Swish, swoosh, swish, swoosh, in a rhythmic pattern, the water swings to and fro in the vessel, a “flowform”, originally conceived by the British anthroposophist John Wilkes (1930-2011) in 1970 and since then developed into many shapes.
The incoming water flow, and the curved heart-shaped walls create the right conditions for a rhythmic flow to spontaneously emerge, to self-organize – a cooperative behaviour, which springs out naturally, effortlessly, from the conditions. The water molecules dance together. From vessel to vessel the dance continues, until the water reaches the pond below. Standing by the stair of flowforms, listening to the pulsating sound, it is as if it radiates tranquillity – a wild brook carved in stone.
The water dance, created in the flow forms, has not only been used for its aesthetic qualities, but also for creating a better indoor climate, and as the last stage in the treatment of sewage.
Comparative experiments on waste water treatment in Warmonderhof in the Netherlands indicated a lower turbidity, better smell and more light-loving growth with better blossoming in the flowform system compared to a step cascade (where water flows over a flight of rectangular steps of stone).
Could flowforms be used to improve natural waters? Well, fish are often attracted to the outlet and vicinity of flowforms – and they should know, shouldn’t they?
John Wilkes has written a good and beautifully illustrated introduction to flowforms. It describes the design process that led to the development of the flowforms, examples of different forms of flowforms, as well as many applications:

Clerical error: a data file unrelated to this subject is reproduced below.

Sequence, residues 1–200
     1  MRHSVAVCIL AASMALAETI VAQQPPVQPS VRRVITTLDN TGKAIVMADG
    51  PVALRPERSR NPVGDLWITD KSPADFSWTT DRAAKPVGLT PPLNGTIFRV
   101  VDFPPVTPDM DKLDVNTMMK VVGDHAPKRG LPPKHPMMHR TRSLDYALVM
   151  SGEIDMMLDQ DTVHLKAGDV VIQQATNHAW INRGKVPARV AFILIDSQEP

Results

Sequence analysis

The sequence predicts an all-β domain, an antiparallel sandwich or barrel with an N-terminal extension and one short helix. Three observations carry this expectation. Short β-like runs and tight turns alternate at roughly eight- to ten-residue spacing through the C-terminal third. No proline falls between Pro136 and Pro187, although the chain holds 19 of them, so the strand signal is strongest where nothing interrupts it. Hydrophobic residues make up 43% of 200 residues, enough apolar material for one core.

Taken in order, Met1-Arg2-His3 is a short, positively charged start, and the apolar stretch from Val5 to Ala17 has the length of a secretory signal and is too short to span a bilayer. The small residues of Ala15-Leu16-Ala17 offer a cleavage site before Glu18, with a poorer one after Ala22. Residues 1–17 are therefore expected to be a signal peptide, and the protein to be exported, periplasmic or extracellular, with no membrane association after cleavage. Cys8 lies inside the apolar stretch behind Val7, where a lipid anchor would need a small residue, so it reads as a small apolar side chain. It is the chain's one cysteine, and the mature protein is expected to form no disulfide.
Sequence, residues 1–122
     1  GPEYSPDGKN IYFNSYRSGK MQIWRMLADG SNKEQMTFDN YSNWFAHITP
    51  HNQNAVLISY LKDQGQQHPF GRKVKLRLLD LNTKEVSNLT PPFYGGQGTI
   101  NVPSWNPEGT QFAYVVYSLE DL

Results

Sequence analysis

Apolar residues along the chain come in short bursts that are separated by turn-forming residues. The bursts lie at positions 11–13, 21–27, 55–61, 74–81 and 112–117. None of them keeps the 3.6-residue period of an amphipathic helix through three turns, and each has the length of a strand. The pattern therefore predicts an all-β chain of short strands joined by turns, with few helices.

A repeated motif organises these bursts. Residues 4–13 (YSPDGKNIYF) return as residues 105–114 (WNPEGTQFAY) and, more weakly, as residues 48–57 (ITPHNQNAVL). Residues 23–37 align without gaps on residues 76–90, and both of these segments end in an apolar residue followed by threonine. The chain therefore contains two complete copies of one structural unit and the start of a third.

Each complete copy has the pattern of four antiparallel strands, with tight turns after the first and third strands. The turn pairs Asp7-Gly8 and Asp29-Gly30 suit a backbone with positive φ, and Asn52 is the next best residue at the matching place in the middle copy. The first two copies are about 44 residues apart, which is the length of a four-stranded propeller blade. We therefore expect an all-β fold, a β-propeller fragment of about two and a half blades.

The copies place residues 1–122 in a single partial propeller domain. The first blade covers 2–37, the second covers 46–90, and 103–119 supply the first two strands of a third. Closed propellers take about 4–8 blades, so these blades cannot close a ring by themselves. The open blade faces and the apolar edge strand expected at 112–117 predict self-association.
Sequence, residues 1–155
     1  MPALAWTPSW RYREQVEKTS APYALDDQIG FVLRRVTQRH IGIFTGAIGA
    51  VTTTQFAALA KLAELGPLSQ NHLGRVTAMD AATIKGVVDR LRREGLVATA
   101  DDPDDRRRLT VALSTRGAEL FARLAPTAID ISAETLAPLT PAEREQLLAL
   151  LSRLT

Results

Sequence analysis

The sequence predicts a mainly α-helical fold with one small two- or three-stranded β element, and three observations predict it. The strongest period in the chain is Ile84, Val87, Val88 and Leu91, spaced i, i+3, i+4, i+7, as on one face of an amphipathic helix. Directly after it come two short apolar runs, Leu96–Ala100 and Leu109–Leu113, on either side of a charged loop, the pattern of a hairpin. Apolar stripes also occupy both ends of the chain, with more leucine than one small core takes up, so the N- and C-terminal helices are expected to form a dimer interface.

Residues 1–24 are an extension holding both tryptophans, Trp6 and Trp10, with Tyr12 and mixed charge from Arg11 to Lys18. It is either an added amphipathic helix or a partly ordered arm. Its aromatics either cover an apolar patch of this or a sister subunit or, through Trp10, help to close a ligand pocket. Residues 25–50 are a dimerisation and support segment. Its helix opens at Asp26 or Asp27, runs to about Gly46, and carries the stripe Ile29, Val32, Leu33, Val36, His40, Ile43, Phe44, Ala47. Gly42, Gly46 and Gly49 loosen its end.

- Wilkes, John Flowforms: The Rhythmic Power of Water Floris Books, 2003
The experiments on wastewater treatment at Warmonderhof In the Netherlands have been described in detail by Hans van Sluis:
- van Sluis, Hans The Warmonderhof Flowform experiments Paper presented at the 3:rd International Workshop on Natural Energies (IWONE 2007), Höör, Sweden, 2007. (Abstract)
Research on flowforms is ongoing at Healing Water Foundation, a research foundation set up by John Wilkes:
- Healing Water Foundation, United Kingdom.
Nigel Wells, a former student of John Wilkes, is developing flowforms in Sweden:
- Virbela Ateljé, Järna
Martin Strid has written an interesting attempt to describe the pulsating flow patterns mathematically in his thesis on flowforms:
- Strid, Martin Rytmisk Strömning – En studie av Virvela flödesformer Examensarbete, Avdelningen för Vattenbyggnad, Högskolan i Luleå, 1984, 1984:072 E